Former Caja Madrid chief Miguel Blesa walked out of a Madrid prison on Friday after his lawyers posted the 2.5-million-euro bail set by a court investigating his mismanagement of the savings bank.
Blesa, who headed Caja Madrid between 1997 and 2010, made at least 12.4 million euros during the last three years of his tenure, which was marked by unbridled expansion despite the crisis. Shortly after his departure, the lender merged with six other savings banks to ward off bankruptcy. The resulting group, Bankia, required a record bailout two years later.
Once one of Spain’s most powerful business figures, Blesa is so far the only banker to see the inside of a prison because of his actions during the economic crisis. He might not be the only one, as an estimated 90 bank executives from nine savings banks are currently under investigation.
The Madrid judge investigating the case, Elpidio José Silva, believes that there are “highly relevant” indications that crimes may have been committed, including mismanagement, misappropriation of funds and document forgery.
A close friend of former conservative prime minister José María Aznar, Blesa was appointed to the post by the Popular Party (PP), yet the ruling party has shown no support for him during this predicament. On the contrary, it seems to be holding Blesa up as an example.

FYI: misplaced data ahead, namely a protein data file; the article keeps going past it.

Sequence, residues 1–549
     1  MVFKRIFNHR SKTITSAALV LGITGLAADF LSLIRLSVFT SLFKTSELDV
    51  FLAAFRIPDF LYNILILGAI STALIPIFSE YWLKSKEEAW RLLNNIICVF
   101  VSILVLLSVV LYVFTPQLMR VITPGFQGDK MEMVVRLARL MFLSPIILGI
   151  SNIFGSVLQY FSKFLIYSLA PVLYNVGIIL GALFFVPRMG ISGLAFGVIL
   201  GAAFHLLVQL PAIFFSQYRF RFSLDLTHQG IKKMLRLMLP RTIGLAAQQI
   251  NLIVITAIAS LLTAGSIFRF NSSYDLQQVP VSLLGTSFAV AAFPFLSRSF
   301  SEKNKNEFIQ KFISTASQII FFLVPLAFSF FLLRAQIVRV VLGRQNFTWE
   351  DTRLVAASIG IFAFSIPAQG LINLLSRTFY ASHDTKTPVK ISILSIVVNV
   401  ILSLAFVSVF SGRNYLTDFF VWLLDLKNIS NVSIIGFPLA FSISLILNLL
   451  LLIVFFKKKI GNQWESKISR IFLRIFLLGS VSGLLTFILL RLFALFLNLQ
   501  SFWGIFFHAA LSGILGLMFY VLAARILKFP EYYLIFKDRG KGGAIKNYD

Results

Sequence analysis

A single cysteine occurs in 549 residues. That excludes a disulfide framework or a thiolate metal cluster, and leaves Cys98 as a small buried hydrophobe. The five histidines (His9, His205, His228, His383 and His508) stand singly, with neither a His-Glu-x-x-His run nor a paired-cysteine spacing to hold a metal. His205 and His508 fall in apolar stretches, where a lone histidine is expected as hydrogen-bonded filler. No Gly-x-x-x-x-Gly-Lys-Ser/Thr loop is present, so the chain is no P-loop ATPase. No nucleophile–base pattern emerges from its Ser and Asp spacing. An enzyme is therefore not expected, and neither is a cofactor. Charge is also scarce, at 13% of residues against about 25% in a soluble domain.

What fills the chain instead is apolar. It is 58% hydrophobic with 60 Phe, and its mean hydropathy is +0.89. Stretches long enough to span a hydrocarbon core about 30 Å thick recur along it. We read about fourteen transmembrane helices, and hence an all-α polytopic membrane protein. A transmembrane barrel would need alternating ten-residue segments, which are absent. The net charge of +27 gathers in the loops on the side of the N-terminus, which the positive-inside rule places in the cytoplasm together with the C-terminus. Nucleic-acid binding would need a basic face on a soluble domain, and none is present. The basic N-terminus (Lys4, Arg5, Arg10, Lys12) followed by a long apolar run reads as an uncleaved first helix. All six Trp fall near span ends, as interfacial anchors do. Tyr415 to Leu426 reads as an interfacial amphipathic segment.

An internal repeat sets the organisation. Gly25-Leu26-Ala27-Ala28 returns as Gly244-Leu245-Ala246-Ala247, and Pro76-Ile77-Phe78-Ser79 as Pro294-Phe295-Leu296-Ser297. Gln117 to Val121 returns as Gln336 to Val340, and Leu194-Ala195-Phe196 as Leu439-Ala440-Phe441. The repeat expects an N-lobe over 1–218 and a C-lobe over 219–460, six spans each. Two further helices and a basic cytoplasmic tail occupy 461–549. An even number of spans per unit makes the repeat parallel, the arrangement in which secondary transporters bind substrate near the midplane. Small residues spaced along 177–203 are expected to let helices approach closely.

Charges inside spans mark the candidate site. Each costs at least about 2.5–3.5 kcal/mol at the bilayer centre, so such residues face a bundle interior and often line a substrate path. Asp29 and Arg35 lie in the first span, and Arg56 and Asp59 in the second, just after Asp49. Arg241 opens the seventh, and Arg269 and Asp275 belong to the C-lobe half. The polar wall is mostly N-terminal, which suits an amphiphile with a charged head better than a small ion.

“For the government, the fact that the institutions are working normally and that the law is being applied equally is a very positive fact,” said Deputy Prime Minister Soraya Sáenz de Santamaría.
Judge Silva considers it an “aberration” that Caja Madrid should have bought the City National Bank of Florida for 1.12 billion dollars in 2008, during the economic "tsunami," and added that the “perfect storm” at the savings bank did not depend on the weather but on the “direct actions” of former chairman Miguel Blesa.
The operation lacked proper control mechanisms and caused a hole of 500 million euros in Caja Madrid’s accounts, the judge’s report reads.
The magistrate found it odd that the purchase of the Florida bank was unanimously approved by the board of Caja Madrid without first requesting any expert report, even though more than one board member petitioned for it. There was no “minimally solvent viability and risk analysis,” the judge noted.
The fact that the board approved the operation is being used by Blesa’s defense to argue that their client is not directly responsible for the outcome. This particular transaction during Blesa’s 12-year tenure is one of the main reasons why the banker was sent to preventive jail.